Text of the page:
Even though I used characters transfered from Phantasie I didn't get the alternative version of Filmon's "Nikademus will never suspect you" message. Maybe it only works with the DOS version if importing from Phantasie II?

    I was not able to get the second Gnome Bow from the large Viper, since apparantly scaring it with the smell from a jar only works if you haven't given it to one of your characters first. :-(

    Combat should have been better in Phantasie III, but some things annoyed me:
    When Slashing, each hit would do more damage than the previous one. I don't remember it was this in Phantasie I.
    Aim Blow never seemed to work.
    When my Thief and Wizard fired bow, they were always the first to act in a battle. But when the same guys were casting spells they were nearly always last. So the idea of buffing and softening up the opposition rarely worked. So I usually ended up casting mostly healing spells. The times I was able to cast Protection and Confusion early it didn't seem to have much effect. The only buffing spell that really worked for me was quickness, which increased number of melee attacks per round.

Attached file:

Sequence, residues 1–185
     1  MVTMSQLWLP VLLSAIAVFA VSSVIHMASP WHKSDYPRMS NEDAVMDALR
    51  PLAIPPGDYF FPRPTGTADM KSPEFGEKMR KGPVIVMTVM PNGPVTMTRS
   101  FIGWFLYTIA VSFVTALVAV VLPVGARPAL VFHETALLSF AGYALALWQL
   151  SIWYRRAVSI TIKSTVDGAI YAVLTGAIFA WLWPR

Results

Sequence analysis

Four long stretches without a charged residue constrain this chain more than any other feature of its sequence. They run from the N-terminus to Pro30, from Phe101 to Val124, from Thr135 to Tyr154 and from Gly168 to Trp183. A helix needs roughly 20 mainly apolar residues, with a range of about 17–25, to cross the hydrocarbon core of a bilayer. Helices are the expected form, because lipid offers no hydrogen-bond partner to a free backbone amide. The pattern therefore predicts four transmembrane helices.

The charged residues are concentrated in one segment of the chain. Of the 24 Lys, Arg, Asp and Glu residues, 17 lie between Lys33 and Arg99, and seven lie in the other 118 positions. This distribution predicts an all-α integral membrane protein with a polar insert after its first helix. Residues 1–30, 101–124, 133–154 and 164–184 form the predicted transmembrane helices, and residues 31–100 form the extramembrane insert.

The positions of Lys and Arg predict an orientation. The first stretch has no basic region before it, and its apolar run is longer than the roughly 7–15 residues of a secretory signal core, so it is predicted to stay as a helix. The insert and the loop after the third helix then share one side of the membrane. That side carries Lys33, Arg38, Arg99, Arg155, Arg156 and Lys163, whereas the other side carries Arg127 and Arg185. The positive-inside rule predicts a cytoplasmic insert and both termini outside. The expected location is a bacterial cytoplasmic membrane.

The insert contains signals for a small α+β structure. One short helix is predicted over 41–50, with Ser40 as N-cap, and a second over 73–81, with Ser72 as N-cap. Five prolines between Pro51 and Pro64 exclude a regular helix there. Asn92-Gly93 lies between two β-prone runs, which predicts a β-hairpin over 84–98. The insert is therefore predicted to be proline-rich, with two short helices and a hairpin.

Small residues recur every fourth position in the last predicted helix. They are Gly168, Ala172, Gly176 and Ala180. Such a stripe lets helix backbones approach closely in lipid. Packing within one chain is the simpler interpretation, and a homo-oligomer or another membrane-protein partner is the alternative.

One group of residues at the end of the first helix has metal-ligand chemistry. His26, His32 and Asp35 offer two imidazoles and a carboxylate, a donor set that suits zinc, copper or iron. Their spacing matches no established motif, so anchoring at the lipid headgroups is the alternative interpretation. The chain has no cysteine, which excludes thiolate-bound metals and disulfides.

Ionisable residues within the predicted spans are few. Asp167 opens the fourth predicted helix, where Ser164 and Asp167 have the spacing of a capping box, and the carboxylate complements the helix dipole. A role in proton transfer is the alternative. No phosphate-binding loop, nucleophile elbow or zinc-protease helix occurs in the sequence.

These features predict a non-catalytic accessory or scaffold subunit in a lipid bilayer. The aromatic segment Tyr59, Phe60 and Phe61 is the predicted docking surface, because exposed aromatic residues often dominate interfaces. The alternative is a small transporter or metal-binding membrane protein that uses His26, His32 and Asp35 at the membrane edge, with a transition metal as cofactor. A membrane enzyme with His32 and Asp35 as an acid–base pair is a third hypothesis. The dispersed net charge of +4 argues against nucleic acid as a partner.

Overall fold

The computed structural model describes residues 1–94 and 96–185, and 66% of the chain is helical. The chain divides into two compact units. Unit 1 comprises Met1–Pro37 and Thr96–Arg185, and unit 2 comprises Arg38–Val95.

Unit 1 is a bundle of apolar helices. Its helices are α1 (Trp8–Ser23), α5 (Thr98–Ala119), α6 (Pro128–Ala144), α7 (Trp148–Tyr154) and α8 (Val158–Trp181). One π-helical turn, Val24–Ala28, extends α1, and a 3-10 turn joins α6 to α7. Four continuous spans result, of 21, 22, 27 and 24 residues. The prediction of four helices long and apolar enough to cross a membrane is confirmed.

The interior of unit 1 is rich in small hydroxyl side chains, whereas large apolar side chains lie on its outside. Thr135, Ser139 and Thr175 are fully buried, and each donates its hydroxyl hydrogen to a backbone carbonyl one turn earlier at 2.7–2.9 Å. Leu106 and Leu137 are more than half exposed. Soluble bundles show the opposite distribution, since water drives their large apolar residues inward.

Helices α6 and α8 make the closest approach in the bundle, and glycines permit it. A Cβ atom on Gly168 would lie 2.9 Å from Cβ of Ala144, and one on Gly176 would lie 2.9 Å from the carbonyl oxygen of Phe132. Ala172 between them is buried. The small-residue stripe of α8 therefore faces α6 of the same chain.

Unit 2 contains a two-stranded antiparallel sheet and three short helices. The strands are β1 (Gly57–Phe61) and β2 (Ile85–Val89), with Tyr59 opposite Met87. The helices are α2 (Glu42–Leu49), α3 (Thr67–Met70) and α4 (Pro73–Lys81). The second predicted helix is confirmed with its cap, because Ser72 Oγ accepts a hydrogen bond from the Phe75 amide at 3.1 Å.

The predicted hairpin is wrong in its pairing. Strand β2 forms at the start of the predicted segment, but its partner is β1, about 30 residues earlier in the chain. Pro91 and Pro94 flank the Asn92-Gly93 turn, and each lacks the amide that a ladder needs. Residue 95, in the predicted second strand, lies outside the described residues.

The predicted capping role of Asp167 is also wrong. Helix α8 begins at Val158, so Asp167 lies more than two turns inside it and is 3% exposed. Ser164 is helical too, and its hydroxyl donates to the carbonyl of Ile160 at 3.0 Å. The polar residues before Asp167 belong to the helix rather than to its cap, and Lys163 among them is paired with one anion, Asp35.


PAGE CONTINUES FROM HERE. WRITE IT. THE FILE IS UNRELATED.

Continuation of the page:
Should I ever play it again, I'd have two Priests. If your one Priest gets killed you are screwed since there are no temples in which to get healing, and the gods who determine your fate after your entire party is killed are rather fickle.

    All in all, I enjoyed Phantasie I more, even though I played the ugly DOS version of that one, and the beautiful Amiga version of Phyantasie III. I felt Phantasie I had more interesting places to explore and a greater variety in enemies. And as Mr Addict mentioned, the non-randomness of monster drops in Phantasie III did not add to the fun.